This grandiose statement seems to be creating a powerful set of correlations between a city, its people and its architecture. But looking at the animations one sees a series of motion graphics tropes that only work in this case because they have been enlarged to architectural scale.
Similarly, in the piece “Winds of Boston”, the artist states
Wind of Boston: Data Paintings is a site-specific work that turns the invisible patterns of wind in and around Boston into a series of poetic data paintings within a 6’ x 13’ digital canvas. By using a one-year data set collected from Boston Logan Airport, Refik Anadol Studios developed a series of custom software to read, analyze and visualize wind speed, direction, and gust patterns along with time and temperature at 20-second intervals throughout the year.
Despite the fact that ESI Design had used the same concept (wind analysis) in their installation at 177 Huntington (also in Boston), this seems like an interesting idea. But what we see in Anadol’s work are nice animations where the “data” brings so little that you would wonder if it is doesn’t serve as a fake premise to create visually striking work.
This is even more apparent in his piece at the Charlotte airport, which is supposed to “portray the troves of operational data” from the airport. But what does that mean? Do his animations actually create any kind of understanding of the data? Not really, but they do appear as a very large scale display with animations that any motion graphics artist would be proud of.
To be clear, Anadol’s work is impressive in its scale, but where he disappoints is in using trendy motion graphics techniques that hype up some mysterious “data” ingredient that doesn’t, in fact, resolve in any viewer satisfaction. You are told its there, and you can move on if you don’t see it, it’s art.
I’ve always had a huge respect for the work of United Visual Artists. Their work’s conceptual rigor is only matched by their aesthetic virtuosity. It is because of my admiration for them that I felt disappointed in their latest offering at A/D/O in New York this summer. Once again, we were promised to see a “data-driven” art piece, but the data was really nowhere to be found (much less “seen”).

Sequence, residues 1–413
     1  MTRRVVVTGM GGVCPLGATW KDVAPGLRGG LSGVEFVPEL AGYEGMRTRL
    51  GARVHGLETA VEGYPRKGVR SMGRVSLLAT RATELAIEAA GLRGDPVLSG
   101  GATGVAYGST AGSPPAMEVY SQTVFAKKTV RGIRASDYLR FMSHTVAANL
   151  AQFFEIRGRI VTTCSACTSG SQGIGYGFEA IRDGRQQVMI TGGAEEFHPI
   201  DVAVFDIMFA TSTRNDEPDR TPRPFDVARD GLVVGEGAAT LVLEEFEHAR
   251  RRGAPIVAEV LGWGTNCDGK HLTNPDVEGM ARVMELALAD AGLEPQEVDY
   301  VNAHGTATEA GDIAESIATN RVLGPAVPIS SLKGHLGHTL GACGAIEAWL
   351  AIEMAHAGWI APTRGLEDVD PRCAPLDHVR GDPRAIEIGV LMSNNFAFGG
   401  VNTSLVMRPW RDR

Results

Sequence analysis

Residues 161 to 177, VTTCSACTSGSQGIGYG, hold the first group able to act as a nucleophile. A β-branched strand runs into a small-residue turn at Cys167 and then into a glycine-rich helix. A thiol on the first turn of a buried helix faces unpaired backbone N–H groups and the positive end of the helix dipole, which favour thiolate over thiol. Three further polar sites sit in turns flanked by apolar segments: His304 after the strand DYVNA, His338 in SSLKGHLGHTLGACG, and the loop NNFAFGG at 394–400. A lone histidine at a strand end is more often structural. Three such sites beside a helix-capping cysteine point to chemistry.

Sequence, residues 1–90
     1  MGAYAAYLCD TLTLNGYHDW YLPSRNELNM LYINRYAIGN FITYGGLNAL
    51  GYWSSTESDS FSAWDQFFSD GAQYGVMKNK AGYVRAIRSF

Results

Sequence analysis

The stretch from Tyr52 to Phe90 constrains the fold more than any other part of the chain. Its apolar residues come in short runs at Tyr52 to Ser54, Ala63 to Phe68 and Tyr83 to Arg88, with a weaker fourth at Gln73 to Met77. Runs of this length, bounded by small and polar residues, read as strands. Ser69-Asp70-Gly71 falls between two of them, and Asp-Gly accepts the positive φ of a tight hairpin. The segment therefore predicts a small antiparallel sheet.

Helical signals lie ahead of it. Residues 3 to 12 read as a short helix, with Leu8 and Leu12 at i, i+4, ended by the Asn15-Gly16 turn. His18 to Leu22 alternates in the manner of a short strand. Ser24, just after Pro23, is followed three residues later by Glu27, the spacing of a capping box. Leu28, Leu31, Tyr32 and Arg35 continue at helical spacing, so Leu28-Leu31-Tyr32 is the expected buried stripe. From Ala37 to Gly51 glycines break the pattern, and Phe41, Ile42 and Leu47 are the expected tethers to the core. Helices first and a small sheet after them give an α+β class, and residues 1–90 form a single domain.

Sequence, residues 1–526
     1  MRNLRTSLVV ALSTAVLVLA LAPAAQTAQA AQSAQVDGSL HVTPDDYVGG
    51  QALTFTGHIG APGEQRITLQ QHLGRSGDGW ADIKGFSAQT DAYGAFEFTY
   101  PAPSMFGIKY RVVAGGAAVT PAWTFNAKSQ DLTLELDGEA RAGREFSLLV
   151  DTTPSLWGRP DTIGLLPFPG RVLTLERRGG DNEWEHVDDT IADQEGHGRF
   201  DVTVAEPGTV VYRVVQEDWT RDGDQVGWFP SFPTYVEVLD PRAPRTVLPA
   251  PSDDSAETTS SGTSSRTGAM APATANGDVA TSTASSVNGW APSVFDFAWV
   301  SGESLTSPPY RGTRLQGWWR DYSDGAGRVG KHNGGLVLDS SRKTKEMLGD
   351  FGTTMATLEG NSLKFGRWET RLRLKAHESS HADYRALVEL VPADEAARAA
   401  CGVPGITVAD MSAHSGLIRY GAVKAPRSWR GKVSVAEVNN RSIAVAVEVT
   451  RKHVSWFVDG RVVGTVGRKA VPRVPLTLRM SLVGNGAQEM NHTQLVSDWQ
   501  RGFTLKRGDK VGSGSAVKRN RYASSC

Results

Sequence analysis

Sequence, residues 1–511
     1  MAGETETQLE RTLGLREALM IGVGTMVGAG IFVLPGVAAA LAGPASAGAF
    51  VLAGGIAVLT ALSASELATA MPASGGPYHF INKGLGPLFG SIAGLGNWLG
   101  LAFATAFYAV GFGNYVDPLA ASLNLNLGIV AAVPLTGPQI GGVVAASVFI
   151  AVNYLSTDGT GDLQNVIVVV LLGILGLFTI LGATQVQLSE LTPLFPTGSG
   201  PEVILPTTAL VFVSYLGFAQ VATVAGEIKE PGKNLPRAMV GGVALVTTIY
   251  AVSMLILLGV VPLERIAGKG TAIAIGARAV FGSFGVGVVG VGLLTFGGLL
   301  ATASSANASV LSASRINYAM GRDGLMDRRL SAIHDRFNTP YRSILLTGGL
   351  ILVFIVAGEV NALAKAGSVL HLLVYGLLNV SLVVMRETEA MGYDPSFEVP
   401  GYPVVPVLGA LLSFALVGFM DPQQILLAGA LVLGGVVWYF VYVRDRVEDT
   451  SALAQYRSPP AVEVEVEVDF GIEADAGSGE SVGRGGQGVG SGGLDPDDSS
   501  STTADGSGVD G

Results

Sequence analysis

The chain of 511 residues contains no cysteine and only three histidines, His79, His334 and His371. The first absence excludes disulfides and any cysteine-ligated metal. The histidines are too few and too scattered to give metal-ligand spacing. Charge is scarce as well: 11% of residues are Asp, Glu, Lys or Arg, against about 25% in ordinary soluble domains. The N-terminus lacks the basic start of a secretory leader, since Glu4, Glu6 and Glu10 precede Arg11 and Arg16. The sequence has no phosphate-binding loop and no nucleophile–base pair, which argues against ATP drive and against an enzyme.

The installation consisted of a series of rotating golden mirrored monoliths. They were enclosed in between 4 walls — which rendered the claim that they were “mirroring the city” a bit dubious — and served as a perfect selfie playground. The work (titled “Spirit of the City”) could have been admired for its aesthetic qualities, but that was not what was on sale. It promised to be tied to “data streams” from activity in the city, traffic patterns or “amount of energy used” (by who? where?) and tie the rotation of the columns to that data. I saw the piece about ten times, and I don’t think I ever saw the slightest speed difference in their rotation.
The problem we encounter here is one of poor marketing. In the case of UVA, a commercially commissioned piece can force the artists to introduce elements that help PR people make the offering sexier, but when artists do it deliberately and fool their audiences, the effect is much more pernicious. If the artwork is good, you wouldn’t need to expose its attributes, the audience will pick them up. It is only when the work lacks a strong internal structure that these marketing tricks are needed, and the sad thing is that they seem to work. This is how the hungry beggar in the story of the Stone Soup, one we tell our children, managed to eat to his/her heat’s content. But only at the expense of the naive audience it entertained with the idea of the stone as the magic ingredient.